Midway is an incredibly energizing place. Full of life!
Much has been and is being done by the US Fish and Wildlife Service to return this piece of real estate to its native birds, turtles and monk seals, through habitat restoration and removal of debris and decaying buildings.
It’s humbling to be one of just a few dozen humans sharing this tiny space with hundreds of thousands of birds, that blanket the sky on windy days, buzz you on take-offs and landings, and seemingly never stop whistling, honking, and twittering.
On the other hand, there are also constant reminders of nature’s unforgiving force.
Over the past couple of days a raging storm front has been passing through. On Friday the downpour brought flooding that devastated many albatross nests.
Some parents were seen nudging and ‘meeping’ at eggs that had floated away from their nest; others huddled stoically on totally submerged nests with little hope of their offspring’s survival.
Non-nesters are also victims of the weather.
On Saturday, despite a sunny break from the rain, the winds were so vicious that there were many hard landings, though the ones I witnessed seemed to escape any damage…except to their pride! Worse, several birds were blown off course and slammed fatally into obstacles such as concrete remnants of buildings. At least (for those we were aware of) death was instantaneous.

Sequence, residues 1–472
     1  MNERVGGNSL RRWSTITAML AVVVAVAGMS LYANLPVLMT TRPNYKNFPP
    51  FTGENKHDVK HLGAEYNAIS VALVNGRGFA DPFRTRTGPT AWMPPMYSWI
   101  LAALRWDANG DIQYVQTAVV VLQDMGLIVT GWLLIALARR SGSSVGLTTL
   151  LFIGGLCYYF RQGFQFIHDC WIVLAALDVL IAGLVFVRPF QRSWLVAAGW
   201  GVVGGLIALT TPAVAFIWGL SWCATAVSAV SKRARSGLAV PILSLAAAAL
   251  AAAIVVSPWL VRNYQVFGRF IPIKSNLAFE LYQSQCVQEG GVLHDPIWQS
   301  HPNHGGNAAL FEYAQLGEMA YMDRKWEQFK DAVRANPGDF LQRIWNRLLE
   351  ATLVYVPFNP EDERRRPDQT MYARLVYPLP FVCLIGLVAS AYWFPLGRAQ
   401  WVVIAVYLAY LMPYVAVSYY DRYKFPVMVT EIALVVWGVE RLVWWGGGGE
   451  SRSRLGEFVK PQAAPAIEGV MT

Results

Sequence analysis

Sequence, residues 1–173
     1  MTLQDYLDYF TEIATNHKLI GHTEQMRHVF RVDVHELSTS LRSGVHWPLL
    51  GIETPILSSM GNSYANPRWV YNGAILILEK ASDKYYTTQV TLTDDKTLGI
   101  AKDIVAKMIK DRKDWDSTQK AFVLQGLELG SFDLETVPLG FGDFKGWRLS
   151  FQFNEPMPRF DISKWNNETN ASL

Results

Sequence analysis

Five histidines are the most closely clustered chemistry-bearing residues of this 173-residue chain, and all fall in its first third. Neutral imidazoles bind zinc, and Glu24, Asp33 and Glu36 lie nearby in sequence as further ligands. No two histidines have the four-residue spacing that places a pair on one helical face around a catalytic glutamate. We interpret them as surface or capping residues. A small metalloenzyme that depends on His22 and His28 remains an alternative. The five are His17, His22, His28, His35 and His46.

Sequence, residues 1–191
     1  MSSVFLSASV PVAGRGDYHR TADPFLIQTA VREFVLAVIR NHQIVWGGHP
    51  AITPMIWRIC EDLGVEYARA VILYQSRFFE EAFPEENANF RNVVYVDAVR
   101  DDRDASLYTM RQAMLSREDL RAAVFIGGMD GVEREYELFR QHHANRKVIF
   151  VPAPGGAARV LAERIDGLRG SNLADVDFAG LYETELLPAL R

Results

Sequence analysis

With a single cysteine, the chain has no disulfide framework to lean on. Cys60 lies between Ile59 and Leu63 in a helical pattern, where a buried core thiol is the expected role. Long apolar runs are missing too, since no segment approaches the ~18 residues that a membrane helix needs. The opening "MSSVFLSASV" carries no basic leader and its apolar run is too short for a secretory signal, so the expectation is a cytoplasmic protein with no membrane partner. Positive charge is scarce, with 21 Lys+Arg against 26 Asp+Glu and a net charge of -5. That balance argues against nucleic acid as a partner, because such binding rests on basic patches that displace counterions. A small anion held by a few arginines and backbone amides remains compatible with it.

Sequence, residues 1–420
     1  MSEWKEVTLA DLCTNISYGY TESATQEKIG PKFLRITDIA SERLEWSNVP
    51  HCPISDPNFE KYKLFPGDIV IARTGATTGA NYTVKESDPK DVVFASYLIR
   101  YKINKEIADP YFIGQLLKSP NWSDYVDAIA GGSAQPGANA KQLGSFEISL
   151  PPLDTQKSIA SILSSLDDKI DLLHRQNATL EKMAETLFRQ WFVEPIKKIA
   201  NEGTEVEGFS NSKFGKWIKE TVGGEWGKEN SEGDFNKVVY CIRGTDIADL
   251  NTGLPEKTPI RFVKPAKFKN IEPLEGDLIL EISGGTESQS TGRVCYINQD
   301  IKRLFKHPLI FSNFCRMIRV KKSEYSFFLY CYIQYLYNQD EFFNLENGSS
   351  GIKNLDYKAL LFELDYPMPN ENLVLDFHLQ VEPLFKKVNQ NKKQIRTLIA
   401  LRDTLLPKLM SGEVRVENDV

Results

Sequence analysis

I came across this gorgeous adult lying beside a concrete wall. Its soft, perfect body was still warm. I held it and cried!
This is the harsh reality, survival of the fittest.
Staff and volunteers who are here during summer months have to bear the sad sight of thousands of starving albatross chicks that do not survive…many of them victims of ‘death by plastic’; but they also have the thrill of watching a far larger number fledge successfully, and knowing that their hard work has helped them on their way.
Wonderful observations of the cycle of life and death on Midway. Thanks Louise!